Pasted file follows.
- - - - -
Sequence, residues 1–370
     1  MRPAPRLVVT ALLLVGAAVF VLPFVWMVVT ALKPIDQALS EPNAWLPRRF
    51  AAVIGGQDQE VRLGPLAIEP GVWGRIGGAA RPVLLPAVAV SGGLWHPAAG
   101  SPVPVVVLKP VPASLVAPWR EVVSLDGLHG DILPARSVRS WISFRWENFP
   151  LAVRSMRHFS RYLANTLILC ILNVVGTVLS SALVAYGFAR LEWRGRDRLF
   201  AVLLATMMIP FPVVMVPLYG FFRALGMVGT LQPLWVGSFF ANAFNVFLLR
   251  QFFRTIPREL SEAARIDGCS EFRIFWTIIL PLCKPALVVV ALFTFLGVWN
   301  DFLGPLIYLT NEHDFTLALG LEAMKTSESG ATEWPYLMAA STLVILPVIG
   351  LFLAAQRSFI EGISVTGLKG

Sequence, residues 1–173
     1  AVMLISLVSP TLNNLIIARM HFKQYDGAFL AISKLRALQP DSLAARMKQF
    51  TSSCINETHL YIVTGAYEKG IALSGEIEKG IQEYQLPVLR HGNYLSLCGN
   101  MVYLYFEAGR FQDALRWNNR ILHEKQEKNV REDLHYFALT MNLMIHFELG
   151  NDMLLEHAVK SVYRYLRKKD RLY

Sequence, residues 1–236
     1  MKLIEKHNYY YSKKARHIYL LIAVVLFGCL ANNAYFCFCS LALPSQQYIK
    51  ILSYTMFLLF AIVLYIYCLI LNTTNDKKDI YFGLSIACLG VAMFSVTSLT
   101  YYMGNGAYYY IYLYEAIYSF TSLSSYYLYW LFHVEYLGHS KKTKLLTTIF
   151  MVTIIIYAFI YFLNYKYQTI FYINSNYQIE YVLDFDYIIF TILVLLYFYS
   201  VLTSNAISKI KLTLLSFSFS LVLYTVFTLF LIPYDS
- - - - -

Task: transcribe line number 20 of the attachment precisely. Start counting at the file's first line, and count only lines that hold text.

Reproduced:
   201  VLTSNAISKI KLTLLSFSFS LVLYTVFTLF LIPYDS